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Pence defends Trump’s change in attitude toward FBI as ‘real leadership’

🕐 2 min read

Republican vice-presidential candidate Mike Pence tried to help his running mate capitalize Sunday on the FBI’s decision to renew the investigation into Hillary Clinton’s private email server, saying Donald Trump’s change of attitude toward the bureau’s handling of the case was a sign of “real leadership.”

Trump is once again predicting a victory for his presidential campaign after FBI Director James B. Comey chose to notify Congress on Friday that he is renewing the Clinton email inquiry. The Republican presidential nominee has claimed repeatedly that the election is “rigged.” And just before news broke of Comey’s decision, he accused the FBI of “rolling over” on the Clinton email inquiry. Later on Friday, Trump said, “I have great respect for the FBI for righting this wrong.”

Pence, who is the governor of Indiana, addressed Trump’s about-face in an interview on Fox News Sunday.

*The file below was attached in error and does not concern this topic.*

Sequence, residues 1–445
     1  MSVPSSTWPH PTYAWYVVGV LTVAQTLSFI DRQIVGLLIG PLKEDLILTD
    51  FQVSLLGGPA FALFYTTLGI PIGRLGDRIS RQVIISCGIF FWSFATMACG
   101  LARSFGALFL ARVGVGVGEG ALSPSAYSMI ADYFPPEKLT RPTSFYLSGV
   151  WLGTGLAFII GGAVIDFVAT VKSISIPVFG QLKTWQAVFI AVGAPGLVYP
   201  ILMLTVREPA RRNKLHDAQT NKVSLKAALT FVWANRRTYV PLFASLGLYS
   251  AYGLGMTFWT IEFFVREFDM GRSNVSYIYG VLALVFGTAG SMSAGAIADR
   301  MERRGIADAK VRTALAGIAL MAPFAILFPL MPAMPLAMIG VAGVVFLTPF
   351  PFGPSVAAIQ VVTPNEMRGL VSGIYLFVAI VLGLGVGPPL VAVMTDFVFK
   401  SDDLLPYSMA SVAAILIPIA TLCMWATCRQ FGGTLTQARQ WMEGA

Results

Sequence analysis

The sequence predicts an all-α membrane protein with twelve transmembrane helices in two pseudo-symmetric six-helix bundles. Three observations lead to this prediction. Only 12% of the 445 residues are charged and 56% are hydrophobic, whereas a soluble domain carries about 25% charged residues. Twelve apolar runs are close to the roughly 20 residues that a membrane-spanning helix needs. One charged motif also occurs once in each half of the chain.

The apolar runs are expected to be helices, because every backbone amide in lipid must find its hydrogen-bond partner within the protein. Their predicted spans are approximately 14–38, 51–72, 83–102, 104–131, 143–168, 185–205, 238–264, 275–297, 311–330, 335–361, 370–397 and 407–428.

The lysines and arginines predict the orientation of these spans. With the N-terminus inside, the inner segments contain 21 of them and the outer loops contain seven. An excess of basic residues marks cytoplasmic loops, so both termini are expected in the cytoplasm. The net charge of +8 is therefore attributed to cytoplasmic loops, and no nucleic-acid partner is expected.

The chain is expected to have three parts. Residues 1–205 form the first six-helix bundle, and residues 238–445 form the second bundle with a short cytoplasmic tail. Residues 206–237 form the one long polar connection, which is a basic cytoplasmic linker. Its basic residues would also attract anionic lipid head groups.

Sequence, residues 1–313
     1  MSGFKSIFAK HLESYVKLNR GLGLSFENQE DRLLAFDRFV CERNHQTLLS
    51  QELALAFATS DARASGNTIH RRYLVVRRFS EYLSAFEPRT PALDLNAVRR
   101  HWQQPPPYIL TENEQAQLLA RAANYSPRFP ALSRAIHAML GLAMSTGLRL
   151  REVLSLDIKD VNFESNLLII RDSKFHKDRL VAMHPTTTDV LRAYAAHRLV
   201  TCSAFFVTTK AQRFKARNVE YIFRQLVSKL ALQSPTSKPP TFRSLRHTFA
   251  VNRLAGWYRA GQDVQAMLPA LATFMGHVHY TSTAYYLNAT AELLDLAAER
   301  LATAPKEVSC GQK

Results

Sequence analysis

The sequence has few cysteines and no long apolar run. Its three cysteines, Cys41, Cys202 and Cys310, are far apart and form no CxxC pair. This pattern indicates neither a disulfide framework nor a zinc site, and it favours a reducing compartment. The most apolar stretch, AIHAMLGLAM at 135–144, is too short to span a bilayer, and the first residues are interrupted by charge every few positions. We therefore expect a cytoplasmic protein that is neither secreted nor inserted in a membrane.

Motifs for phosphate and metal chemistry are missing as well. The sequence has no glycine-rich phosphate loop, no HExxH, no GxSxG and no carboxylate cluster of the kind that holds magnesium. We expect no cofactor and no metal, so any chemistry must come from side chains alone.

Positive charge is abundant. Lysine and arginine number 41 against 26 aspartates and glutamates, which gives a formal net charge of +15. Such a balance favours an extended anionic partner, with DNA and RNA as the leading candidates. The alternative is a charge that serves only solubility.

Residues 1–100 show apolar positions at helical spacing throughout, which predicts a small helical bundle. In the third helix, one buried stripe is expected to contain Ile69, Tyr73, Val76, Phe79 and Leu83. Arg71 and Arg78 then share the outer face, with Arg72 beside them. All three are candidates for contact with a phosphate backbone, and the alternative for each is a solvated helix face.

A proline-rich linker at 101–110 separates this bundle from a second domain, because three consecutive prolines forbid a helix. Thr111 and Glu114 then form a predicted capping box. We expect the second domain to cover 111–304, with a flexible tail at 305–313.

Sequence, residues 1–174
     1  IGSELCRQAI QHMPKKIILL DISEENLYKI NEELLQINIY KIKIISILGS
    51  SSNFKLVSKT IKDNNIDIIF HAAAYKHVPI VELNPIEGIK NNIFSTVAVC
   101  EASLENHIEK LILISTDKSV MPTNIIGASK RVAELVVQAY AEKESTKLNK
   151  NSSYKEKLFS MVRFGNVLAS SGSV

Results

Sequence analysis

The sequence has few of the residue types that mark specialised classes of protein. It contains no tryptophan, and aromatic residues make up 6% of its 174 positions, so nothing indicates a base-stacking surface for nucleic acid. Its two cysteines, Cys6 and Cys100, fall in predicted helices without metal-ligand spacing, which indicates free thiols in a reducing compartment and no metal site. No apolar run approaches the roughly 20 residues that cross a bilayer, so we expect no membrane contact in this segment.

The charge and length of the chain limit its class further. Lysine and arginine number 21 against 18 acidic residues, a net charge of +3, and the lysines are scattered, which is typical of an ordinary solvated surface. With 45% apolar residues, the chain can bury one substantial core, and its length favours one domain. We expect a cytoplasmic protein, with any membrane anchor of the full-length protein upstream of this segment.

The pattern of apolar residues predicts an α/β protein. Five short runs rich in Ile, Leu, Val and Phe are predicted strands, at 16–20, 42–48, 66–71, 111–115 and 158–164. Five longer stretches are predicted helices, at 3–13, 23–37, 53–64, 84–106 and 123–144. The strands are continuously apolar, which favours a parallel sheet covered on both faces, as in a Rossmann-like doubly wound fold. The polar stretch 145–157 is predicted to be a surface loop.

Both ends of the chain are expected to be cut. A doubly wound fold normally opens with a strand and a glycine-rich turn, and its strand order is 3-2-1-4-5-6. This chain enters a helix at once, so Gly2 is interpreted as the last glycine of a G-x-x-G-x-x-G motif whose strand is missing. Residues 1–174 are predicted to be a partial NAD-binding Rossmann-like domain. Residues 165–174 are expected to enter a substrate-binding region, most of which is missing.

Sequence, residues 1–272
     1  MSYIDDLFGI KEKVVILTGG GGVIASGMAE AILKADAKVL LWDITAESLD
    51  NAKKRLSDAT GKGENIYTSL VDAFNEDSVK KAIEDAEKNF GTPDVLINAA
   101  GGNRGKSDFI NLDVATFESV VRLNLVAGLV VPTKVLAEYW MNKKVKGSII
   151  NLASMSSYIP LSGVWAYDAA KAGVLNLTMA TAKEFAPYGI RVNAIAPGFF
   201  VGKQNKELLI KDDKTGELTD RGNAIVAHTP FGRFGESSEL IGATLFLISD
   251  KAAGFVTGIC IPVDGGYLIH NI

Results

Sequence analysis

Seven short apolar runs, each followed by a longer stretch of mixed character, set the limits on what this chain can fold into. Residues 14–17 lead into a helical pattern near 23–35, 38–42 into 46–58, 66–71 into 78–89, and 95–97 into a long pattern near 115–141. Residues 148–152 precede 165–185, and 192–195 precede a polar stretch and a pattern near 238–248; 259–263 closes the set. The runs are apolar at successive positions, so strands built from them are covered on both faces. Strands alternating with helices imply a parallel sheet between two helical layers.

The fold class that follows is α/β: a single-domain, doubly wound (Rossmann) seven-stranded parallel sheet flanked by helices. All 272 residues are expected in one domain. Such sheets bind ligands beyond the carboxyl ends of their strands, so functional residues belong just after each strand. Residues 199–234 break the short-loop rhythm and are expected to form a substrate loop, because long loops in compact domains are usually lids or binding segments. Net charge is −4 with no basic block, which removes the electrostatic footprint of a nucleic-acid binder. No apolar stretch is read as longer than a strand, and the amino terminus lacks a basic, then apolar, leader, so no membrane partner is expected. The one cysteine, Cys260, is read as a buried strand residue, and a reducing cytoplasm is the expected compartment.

“I think what you see here is an example of real leadership,” Pence told Fox.

“That’s because we thought the investigation never should have been closed … It was just incomprehensible when the director of the FBI came out and literally indicted Hillary Clinton in the press and then said we’re not recommending that she be indicted.”

In July, Comey recommended no charges be filed against Clinton, but he was highly critical of her use of a private email server while serving as secretary of state and of the potential risks it presented to possible classified material.

Pence said he sees “tremendous momentum in this campaign” and that Trump has indicated he will inject more of his own money into the race to compete with Clinton – who currently has more campaign cash on hand – in the final week. Pence did not say how much Trump plans to spend.

Clinton has called Comey’s decision, which was prompted by the discovery of emails on a computer seized during a probe of disgraced former congressman Anthony Weiner, “unprecedented” and “deeply troubling.” Weiner is the estranged husband of top Clinton adviser Huma Abedin.

Campaign manager Robby Mook echoed this response to Comey’s decision, calling the renewal of the probe “very strange.”

“We were very surprised by this letter and what we’re asking at this point is for Director Comey to get all of this information out on the table – all of it – so the American people can decide for themselves,” Mook said on Fox News Sunday.

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